A new model for energy balance should assess the degree to which athletes spend time above or below + or – 300 to 400 kcal of energy balance [71] (Figure 4).

 Figure 4: A new model for energy balance.

The goal is to sustain an energy balance that does not exceed +or-400 kcal throughout the day. Achieving an energy balance exceeding this range is associated with performance and health problems.

It is also important to consider that there are significant metabolic adaptations that occur as a result of poor fuel delivery. Muscle catabolism occurs with inadequate fuel as a logical adaptation to the poor fuel delivery as a result of elevated cortisol [72,73]. In addition, infrequent eating is associated with large bolus meal intake that is associated with higher fat storage, even if the total daily caloric intake is the same as smaller more frequent meals, as insulin is produced exponentially to the caloric value of the meal consumed [37,38]. The focus should be on dynamically linking food intake with energy/nutrient requirements. In addition, the nutrition goals of pre-, during-, and post-exercise should be planned (Table 1).



Food Examples

Pre- Exercise Meal

Familiar foods high in carbohydrates, moderate in protein, low in fat with ample amounts of water. Avoid high fiber foods/raw vegetables.

•   Baked (not fried!) chicken breasts without skin
• Broiled lean steak with no visible fat and no sauce
• Baked or grilled (not fried!) fish
• Mashed potatoes (easy on the butter!)
• Baked sweet or white potato, no skin (easy on butter and sour cream!)
• Rice, grits, bread, and/or pasta
• Cooked vegetables (no raw vegetables/salads)

~2-4 Hours Pre-Exercise

Sustain blood sugar and muscle glycogen through occasional solid snacks high in carbs, and low in protein, low in fat.

• Very small serving (1 to 2 oz max) of lean deli cut meats (lean turkey, lean roast beef, etc.
•  Bagel, toast, or plain saltine crackers
• Banana, grapes, apple, orange
• Avoid all beans, and vegetables
• Start sipping on sports beverage (limit to 1 to 2 mouthfuls every 15 minutes)

~1 Hour Pre-Exercise

Assure blood sugar is normal in advance of practice. Limit intake of solid foods to help assure empty stomach prior to exercise. Enhance gastric emptying by consuming ½ to 1 liter of water in a short period of time.

• Lowfat plain yogurt if tolerated, and no closer than 30 minutes before practice.

•  Very small amounts of plain white bread, pretzels, and

saltine crackers, but not closer than 30 minutes before


•  Banana, but not closer than 30 minutes before practice
•  ½ to 1 liter of water with any solid foods that are consumed
• Continue sipping on sports beverage (limit to 1 to 2 mouthfuls every 15 minutes

During Exercise

Do not wait for the sensation of ‘thirst’ as a marker of when to drink. The goal is to sustain blood volume and blood sugar ‘normalcy’ rather than recover from an abnormally low blood volume and blood sugar through regular, frequent consumption of sports beverage.

•  Consume sports beverage at every available opportunity during practice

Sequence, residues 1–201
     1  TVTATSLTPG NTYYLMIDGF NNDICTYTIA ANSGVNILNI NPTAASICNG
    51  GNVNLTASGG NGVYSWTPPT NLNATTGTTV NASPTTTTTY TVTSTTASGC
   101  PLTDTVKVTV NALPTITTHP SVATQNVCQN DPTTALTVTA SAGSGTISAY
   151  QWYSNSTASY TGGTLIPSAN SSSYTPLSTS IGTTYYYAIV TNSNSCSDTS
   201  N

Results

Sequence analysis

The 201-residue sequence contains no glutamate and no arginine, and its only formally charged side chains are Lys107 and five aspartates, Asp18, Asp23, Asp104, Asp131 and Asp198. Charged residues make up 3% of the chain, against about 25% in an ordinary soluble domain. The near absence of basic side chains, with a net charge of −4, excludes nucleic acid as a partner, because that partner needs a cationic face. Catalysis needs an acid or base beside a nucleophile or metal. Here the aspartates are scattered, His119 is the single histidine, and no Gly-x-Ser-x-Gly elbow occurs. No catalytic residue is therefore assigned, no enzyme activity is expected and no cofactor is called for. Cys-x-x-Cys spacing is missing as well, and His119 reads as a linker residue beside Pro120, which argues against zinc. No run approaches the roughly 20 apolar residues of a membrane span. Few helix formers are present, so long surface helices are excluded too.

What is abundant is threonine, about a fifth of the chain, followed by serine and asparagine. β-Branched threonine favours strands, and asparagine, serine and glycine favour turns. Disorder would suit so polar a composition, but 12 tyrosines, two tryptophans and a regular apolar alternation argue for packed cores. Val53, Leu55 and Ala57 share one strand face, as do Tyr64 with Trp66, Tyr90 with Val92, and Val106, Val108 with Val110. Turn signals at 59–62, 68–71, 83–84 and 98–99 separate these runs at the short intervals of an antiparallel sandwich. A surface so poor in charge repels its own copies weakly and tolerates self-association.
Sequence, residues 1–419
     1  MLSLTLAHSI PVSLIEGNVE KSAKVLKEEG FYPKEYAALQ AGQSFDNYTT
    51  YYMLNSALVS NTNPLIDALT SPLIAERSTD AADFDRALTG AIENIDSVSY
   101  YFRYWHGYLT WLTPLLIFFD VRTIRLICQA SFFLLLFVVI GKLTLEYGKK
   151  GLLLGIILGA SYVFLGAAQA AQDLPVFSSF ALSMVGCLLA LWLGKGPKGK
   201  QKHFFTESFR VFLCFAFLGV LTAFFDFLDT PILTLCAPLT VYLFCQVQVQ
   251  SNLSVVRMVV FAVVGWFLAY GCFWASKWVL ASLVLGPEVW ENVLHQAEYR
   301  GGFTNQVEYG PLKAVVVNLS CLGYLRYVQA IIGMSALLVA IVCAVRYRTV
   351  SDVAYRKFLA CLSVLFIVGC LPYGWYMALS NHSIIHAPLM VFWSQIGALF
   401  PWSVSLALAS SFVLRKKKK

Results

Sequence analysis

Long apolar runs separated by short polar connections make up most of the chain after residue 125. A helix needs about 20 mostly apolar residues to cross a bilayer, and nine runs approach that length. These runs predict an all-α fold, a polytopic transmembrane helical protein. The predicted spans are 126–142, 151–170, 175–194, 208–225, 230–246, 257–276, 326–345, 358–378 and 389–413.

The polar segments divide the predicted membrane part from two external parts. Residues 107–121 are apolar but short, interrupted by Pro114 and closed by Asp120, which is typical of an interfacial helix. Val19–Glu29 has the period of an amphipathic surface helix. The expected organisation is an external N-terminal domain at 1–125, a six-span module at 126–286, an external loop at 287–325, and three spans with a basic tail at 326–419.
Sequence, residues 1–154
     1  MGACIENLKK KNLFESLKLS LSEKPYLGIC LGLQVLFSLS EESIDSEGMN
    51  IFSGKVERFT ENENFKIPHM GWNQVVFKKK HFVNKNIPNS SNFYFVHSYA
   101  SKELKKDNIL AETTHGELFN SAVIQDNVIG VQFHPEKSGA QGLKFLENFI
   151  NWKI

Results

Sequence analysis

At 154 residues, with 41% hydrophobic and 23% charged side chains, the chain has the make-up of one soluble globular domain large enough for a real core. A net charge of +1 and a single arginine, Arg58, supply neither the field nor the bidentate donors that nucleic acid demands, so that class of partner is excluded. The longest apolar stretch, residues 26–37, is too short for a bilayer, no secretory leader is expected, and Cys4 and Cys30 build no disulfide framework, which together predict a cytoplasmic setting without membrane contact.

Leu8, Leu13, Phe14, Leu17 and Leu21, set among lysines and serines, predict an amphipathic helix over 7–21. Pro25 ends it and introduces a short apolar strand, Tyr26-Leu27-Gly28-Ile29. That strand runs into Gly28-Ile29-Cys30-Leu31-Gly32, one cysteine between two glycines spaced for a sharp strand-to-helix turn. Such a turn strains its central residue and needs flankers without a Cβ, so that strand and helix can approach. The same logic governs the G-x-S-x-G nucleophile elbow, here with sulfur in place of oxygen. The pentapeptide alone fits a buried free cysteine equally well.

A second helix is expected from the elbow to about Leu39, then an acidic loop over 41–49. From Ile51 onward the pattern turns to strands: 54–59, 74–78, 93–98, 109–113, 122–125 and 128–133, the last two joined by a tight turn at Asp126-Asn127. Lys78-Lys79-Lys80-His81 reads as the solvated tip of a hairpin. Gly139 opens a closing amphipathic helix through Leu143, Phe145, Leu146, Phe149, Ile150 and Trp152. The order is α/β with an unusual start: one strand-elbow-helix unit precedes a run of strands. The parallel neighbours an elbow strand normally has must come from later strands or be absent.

• Avoid single high-volume consumption of sports beverage by avoiding ‘thirst’


Recover blood sugar, blood volume, muscle glycogen, and muscle soreness. Weight lost during practice should be recovered through consumption of 16 oz of fluid for every pound lost, plus additional fluid to sustain current needs.

•   Chocolate milk (if tolerated)
• 100 kcal (25 gm) whey protein isolate added to 32 oz of sports beverage and consumed soon after practice ends
• Continue eating foods frequently, with a focus on high carbohydrate, moderate protein, and low-fat foods

Table 1: General, Pre-Practice, During-Practice, and Post-Practice Nutrition Goals and Examples.

Sports beverage should be constituted of a 6 to 7% carbohydrate solution with 100 to 200 mg sodium/cup. Higher sodium is desired for longer duration activities to help sustain blood volume and associated heart stroke volume. The carbohydrate should, ideally, consist of mixed mono- and disaccharides with no high-fructose corn syrup.

The issue of having a strategy for adequate energy/nutrient intake in young athletes has been found to be a real issue. A study of youth soccer plays found inadequate total energy intake, inadequate carbohydrate intake, post-loaded protein intake (i.e., consumed at the end of the day when in a severe energy balance deficit), with the recommendation that young athletes should focus on total daily macronutrient intake coupled with optimal daily food intake distribution patterns [74].


The goal of optimizing nutrient and energy intake in young athletes requires planning and cooperation with the environment in which young athletes are training. Having readily available foods and drinks that are appropriate for the athletes is critical to optimizing performance and reducing health risks. The International Olympic Committee consensus statement on Relative Energy Deficiency in Sport (RED-S) makes clear the performance and health problems that occur with a failure to sustain a reasonable energy balance state throughout the day [14-18]. It is also clear that RED-S is most likely to occur in athletes who are restricting intake while trying to lose ‘weight’, when the focus of these athletes should be to have a nutritional and exercise strategy that will help them achieve a desirable body composition.